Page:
Food festivals can be divided into two categories: those that showcase a broad and diverse culinary spectrum; and those that hone in on a single ingredient and celebrate it to the tens.
The first category is where you find the big-name chefs and $200/ticket tastings. The single-food festivals draw the specialists, the peculiar traditions and the devotees. Plus the curious onlookers, of course. Whenever hundreds of people gather to wrestle in gravy or hurl buckets of overripe tomatoes at each other, thousands of gawkers will follow. From bizarre to gourmet, the single-food festivals below demonstrate all the ways that an ingredient can transcend the plate.
When Jay Leno sends a crew to film an obscure midwinter fishing contest for his show, it’s a reason for the whole state to celebrate — and to stage a press campaign as well. Hence, 2012 is the year of the media blitz for the International Eelpout Festival. This Minnesota lake-fishing, eel-loving tradition is actually in its 33rd annual run this Februrary 16-19, and draws about 10,000 people. Even if you don’t want to kiss an eel for luck or jump into an iced-over lake, you might enjoy the “frozen” wet tee-shirt contest or the ice bar on the lake. (Photo courtesy of Eelpout Festival)
Bacon’s been the hip flip side to veganism for several years now, but even when it was still at the top of the goodie-two-shoe caution lists five years ago, the Midwest still considered it a food group. Founded in 2008 by a group of friends who love bacon (calling themselves the Iowa Bacon Board), the Blue Ribbon Bacon Festival is a down-home, turf-kicking party at the Iowa State Fairgrounds. Iowa Select Farms is the presenting sponsor. They have 10 bacons and 23 restaurants participating this year. Ticket purchasers get a commemorative koozie, and Coors is the main beer sponsor (For something a little harder, Templeton Rye is the sponsoring liquor). Last year, tickets sold out so quickly that this year, there’s a maximum of two General Admission tickets per purchaser. This event takes place February 18, 2012. (Photo courtesy of Blue Ribbon Bacon Festival)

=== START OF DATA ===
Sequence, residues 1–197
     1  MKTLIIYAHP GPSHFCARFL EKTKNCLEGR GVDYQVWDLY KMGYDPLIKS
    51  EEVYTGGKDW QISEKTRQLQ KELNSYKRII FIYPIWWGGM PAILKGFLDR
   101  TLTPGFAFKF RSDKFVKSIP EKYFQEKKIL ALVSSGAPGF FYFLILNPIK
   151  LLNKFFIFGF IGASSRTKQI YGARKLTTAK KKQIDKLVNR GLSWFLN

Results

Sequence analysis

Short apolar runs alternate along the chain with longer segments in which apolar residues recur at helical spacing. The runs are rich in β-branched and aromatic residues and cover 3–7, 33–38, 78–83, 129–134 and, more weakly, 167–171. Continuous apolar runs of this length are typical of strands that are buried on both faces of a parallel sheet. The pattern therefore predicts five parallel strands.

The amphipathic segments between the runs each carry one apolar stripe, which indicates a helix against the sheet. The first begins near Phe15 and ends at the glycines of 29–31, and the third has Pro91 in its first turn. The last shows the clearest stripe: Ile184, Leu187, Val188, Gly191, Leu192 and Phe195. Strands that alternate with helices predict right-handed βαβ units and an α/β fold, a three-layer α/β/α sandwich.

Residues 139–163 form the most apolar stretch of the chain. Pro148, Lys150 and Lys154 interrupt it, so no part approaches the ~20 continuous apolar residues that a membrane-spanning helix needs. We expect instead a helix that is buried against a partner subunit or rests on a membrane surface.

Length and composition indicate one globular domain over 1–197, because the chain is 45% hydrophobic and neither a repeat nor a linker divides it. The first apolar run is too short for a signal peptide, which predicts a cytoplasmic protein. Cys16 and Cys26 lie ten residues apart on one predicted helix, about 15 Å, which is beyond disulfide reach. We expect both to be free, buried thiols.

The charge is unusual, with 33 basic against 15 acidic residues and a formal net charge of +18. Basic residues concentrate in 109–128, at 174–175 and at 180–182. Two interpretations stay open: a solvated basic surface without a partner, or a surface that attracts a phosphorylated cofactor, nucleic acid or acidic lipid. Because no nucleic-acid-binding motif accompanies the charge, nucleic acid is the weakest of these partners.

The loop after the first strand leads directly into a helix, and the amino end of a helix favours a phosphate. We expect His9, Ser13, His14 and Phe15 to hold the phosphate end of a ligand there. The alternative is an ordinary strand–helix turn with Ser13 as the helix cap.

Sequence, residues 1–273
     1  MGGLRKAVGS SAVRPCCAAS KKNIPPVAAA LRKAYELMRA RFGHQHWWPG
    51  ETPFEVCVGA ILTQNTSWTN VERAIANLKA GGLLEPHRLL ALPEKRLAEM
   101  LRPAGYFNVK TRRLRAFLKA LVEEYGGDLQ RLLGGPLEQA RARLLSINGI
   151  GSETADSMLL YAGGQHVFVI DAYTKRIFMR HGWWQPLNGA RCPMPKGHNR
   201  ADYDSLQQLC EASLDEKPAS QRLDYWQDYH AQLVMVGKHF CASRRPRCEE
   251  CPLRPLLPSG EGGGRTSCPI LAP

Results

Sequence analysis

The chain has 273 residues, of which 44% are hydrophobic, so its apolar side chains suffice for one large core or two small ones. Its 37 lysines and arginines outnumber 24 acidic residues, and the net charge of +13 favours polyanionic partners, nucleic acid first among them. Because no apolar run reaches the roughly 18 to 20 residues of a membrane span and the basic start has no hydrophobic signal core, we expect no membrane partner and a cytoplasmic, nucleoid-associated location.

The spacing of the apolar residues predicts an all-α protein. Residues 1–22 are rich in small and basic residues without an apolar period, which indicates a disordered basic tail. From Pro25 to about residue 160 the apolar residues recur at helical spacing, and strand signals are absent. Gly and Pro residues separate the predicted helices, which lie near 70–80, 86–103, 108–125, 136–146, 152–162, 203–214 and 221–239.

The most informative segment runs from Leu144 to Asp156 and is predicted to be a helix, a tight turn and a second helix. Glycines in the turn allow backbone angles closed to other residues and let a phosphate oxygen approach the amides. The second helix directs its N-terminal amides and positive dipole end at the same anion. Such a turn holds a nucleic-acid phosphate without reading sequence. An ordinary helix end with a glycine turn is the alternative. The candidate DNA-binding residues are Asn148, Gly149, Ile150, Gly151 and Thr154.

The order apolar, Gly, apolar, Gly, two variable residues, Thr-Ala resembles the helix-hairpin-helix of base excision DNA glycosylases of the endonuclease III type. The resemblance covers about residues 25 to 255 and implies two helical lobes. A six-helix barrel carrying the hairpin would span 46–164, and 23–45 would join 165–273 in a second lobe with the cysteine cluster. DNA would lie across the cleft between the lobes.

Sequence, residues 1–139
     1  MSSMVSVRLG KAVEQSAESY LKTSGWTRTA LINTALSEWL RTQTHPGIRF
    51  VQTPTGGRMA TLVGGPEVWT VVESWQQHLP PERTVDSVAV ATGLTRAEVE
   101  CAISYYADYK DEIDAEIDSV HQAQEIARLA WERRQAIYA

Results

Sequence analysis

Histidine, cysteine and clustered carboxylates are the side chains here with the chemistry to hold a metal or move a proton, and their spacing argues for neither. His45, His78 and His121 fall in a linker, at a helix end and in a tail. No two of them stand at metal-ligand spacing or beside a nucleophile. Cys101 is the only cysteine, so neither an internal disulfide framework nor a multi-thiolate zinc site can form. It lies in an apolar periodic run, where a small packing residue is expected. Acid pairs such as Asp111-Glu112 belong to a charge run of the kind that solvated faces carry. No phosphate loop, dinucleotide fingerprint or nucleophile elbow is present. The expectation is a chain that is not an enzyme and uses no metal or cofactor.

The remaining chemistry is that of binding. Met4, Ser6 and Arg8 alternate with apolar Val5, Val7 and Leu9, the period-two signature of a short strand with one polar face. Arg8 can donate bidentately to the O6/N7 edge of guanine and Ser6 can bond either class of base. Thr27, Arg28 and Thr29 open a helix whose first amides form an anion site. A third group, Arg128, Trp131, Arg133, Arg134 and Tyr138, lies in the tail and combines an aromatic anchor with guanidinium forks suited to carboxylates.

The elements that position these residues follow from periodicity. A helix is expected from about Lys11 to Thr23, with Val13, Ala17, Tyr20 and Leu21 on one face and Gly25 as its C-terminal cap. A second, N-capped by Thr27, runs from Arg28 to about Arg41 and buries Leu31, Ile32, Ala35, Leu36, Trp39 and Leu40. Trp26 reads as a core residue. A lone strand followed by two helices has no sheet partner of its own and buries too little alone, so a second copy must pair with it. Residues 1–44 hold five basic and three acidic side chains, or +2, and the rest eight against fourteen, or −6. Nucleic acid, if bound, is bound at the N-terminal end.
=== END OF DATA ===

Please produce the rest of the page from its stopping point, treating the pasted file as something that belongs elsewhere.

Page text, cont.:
There are many fruit festivals in the world, but Thailand — a country where exotic fruits appear in every meal — ranks up at the top for variety, size and pageantry when it comes to celebrating the fruit harvest. Certain months are better for experiencing city-wide celebrations of fruit, from the delicious and juicy (the Lumpoon Lamyai Festival in August, the Pomelo Fair in Nakhon Pathom normally in September) to stinky but culturally colorful ones like the Durian World Expo in Chantaburi in May. (Photo courtesy of Tourism Authority of Thailand)
Though its roots are religious, Spain’s Tomatina festival doesn’t have a particularly pious claim to fame. It’s known for being the messiest food fight in the world. Millions of tons of ripe tomatoes meet their doom in the town of Bunol, Spain, on the last Wednesday of August, when townsfolk and 15,000 visitors from all around go wild in the streets for an hour. Tomato sludge covers the town by the end, and is up to a foot deep in places. Participants hurl the tomatoes at each other with such force that they often wind up flat on their backs in it. The main rules are A) no weapons more harmful than tomatoes are allowed; B) participants must “squish” the tomatoes before throwing them; and C) no ripping or tearing of clothes. The last one is generally ignored. (Photo courtesy of Tomatina Festival)
The traditional food of Jolly Old England is the source of great sport in its home country — not just in the sense that people make fun of it (though they do), but also literally. Of numerous annual competitions, Lancashire’s World Black Pudding Throwing Championship might win the “Quirkiest in the Land” badge because the rules require that black puddings be wrapped in a pair of women’s stockings before being thrown — not just into the distance, but at a target comprised of other puddings. (Photo courtesy of World Black Pudding Throwing Championship)
However, other competitions like the Olney Pancake Race (which has an international satellite in Kansas) and the Gloucestershire Cheese Roll have just as big a following. Most of these events originated in medieval times, giving us further proof that yes, people were much more resourceful in entertaining themselves before the days of radio and TV.
British Columbia loves its seafood, and a walk through Vancouver’s markets will reveal a daily bounty of salmon, crab, trout, lingcod, oysters and more. However, when wild spot prawn season comes each May, the whole city goes crazy for the delicious little crustacean, which Vancouver Magazine named “Ingredient of the Year” in 2008. If you’re a seafood fan with a conscience, keep your calendar clear in early May and keep scanning Northwest culinary blogs for the dates of the 6th annual Spot Prawn Festival. (Photo courtesy of Gloucestershire Cheese Roll)
Rainy green home of the renegade farmers and original hippie holdouts, Mendocino Country is a great place for foragers and explorers. Every November at the opening of mushroom season, it celebrates Mushroom Madness, with special menus at the restaurants, cooking classes, foraging walks, and other fun activities inside and outdoors.